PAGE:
Why Zynga's Profits Plummeted
Gamasutra dropped a bombshell report on Monday that Zynga, just ahead of their planned IPO, had reported a 95% drop in their year-over-year profits from $27.2 million to $1.3 million. The social gaming juggernaut continued to lose momentum in all major categories: its total revenues grew only 15% last quarter versus 24% in the previous quarter. Its virtual goods sales and ad revenues were down 4% from the prior quarter, and their total daily active user count across all games also dropped 4% from 62 million to 59 million. Has Zynga lost the interest of its users, or are market trends eroding Zynga’s core revenue streams?
This question prompted lively debate amovsang the tech and gaming communities. GamePro reported that Zynga attributed its decline in profits to some factors that did not necessarily indicate trouble. For one, in 2011 Zynga did not launch a new game before Empires and Allies, which was launched March 31st, so they claim to have not yet fully realized the revenue from that game. Second, they blame higher than normal spending on hiring, acquisitions, and international growth. Third, supporters point to the loss of Zynga’s “free” viral marketing when Facebook enacted new policies to combat spam. And last but not least, there is Facebook’s decision to force all developers to adopt its Facebook Credits payments system and the associated 30% tax.
While all of these things could eat into Zynga’s profits, they don’t explain why their daily active user (DAU) numbers are starting to drop. A former Zynga employee responded to a Hacker News thread about this topic by highlighting the many market trends that are eating away at Zynga’s core business: massively successful Facebook games. The commentator believed that the decline of Facebook’s web traffic was a key component of this trend; however, this decline has since been challenged by multiple ratings agencies. Furthermore, many argue that the users that are leaving Facebook are the least engaged users, while Zynga’s hardcore daily players are certainly some of the most engaged.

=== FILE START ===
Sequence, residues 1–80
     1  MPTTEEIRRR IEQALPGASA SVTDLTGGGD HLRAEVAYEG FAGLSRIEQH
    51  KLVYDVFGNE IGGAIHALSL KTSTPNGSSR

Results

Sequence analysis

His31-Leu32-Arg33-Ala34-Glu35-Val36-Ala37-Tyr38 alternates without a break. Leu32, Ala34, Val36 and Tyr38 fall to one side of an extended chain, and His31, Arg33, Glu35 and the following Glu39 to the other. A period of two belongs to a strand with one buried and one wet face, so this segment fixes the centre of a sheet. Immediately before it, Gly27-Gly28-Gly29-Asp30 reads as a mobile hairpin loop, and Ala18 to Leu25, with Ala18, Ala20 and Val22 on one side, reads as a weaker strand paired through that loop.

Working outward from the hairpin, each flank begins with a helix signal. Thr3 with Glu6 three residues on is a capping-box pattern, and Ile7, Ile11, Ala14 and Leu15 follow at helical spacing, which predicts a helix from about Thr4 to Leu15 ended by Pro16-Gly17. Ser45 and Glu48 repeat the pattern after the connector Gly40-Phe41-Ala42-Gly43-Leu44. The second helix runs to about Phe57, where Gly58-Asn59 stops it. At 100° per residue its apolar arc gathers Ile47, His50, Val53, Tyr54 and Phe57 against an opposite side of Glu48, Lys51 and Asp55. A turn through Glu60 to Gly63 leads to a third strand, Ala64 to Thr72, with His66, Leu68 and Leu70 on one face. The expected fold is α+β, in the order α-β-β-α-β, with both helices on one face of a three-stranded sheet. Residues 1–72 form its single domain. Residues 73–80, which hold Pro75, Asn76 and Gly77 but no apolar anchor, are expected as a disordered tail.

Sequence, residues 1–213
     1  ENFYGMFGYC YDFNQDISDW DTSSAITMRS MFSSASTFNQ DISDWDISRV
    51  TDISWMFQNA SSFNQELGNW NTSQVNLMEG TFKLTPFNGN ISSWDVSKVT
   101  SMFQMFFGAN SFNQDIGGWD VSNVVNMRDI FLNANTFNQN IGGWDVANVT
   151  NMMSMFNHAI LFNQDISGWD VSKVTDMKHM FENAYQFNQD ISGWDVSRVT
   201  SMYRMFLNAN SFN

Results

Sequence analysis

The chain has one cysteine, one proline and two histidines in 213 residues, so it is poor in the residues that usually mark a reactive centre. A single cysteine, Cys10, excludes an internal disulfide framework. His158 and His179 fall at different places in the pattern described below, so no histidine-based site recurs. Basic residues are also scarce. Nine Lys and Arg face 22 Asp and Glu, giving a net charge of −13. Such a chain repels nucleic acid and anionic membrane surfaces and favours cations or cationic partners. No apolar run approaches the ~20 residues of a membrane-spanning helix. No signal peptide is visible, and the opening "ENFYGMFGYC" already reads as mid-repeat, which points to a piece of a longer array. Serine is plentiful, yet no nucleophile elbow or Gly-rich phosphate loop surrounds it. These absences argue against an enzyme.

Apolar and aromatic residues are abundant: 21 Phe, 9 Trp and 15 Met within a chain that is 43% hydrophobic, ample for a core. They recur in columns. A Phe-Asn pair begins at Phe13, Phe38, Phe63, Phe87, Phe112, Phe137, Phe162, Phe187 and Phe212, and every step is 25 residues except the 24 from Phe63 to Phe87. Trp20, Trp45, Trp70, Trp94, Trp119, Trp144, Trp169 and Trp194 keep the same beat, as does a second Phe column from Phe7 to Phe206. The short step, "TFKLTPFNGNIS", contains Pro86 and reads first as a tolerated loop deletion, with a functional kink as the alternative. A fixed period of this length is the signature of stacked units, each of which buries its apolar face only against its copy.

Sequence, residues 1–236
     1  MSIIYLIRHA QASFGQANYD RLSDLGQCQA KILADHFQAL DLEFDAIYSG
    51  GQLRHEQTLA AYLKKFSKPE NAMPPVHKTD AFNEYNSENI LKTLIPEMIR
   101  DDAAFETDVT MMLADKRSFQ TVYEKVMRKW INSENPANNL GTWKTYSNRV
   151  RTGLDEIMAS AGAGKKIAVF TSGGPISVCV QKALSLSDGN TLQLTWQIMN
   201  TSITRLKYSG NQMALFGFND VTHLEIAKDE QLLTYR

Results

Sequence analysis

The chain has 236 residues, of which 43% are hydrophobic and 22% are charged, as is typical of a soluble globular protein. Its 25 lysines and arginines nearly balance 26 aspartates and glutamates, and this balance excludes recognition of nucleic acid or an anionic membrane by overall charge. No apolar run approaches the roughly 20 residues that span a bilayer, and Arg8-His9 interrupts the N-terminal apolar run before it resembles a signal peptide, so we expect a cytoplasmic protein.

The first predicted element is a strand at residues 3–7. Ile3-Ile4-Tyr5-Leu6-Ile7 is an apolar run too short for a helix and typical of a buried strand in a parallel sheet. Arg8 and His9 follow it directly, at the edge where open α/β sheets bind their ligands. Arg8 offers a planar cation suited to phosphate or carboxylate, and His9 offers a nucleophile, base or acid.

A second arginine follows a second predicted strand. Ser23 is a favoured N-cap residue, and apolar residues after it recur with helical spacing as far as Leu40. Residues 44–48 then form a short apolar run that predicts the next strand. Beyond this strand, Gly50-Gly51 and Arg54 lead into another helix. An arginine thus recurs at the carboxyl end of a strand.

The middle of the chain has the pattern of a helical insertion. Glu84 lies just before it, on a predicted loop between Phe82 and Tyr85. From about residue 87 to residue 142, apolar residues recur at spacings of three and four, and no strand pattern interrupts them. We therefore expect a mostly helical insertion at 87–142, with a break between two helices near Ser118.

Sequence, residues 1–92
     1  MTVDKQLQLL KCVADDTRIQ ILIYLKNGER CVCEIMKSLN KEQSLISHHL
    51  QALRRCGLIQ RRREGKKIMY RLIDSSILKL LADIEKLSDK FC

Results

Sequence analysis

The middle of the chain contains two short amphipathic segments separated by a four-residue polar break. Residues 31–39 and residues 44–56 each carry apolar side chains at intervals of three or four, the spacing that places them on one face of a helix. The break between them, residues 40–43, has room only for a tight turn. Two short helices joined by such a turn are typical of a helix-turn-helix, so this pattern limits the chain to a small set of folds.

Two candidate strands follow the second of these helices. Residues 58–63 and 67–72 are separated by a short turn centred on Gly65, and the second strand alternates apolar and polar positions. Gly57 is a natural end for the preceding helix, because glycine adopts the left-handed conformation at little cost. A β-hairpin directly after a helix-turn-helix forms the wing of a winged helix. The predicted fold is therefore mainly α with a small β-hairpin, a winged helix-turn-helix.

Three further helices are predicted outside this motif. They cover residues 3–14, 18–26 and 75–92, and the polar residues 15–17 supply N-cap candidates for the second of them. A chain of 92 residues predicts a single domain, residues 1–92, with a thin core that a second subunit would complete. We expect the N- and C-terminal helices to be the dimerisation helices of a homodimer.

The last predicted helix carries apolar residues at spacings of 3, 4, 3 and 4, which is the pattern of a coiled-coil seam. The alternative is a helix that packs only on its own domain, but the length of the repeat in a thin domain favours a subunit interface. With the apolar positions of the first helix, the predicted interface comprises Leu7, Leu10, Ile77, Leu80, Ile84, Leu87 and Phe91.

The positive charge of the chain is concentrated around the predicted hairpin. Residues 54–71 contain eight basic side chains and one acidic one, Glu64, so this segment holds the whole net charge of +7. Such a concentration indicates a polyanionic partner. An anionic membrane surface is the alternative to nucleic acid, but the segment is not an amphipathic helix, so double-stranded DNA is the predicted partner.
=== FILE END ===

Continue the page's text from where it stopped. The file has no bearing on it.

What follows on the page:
The commentator also argues that Zynga’s games are higher quality than ever, and they are in the process of creating titles that appeal to midcore and hardcore audiences. Alongside these efforts, Zynga is going to great lengths to secure partnerships with major brands, including Lady Gaga, American Express, and Capital One. However, even with with all of the work that Zynga is putting into increasing the quality of their user experience, they have still sold less virtual goods and are losing their most valuable players. So what’s the missing piece of the puzzle?
Virtual rewards don’t engage and entice players like they used to.
And why should they? Players are paying real money for something with no actual value, and they can never get that money back. The gimmick has lost its novelty, especially as virtual goods have become a commodity across games of all skill levels and platforms. As games start to merge the virtual and physical worlds and become integrated with every aspect of our lives, why would users still be interested in a virtual sword that is literally worthless?
The future of gaming is in the real world, and the future of play is with real money. Providing a tangible reward for the real time, money, and effort that players put into a game will make games more engaging and fun. Players will find it much more appealing to be able to play for and win real-money that they can cash out, turning their favorite game into a lucrative hobby.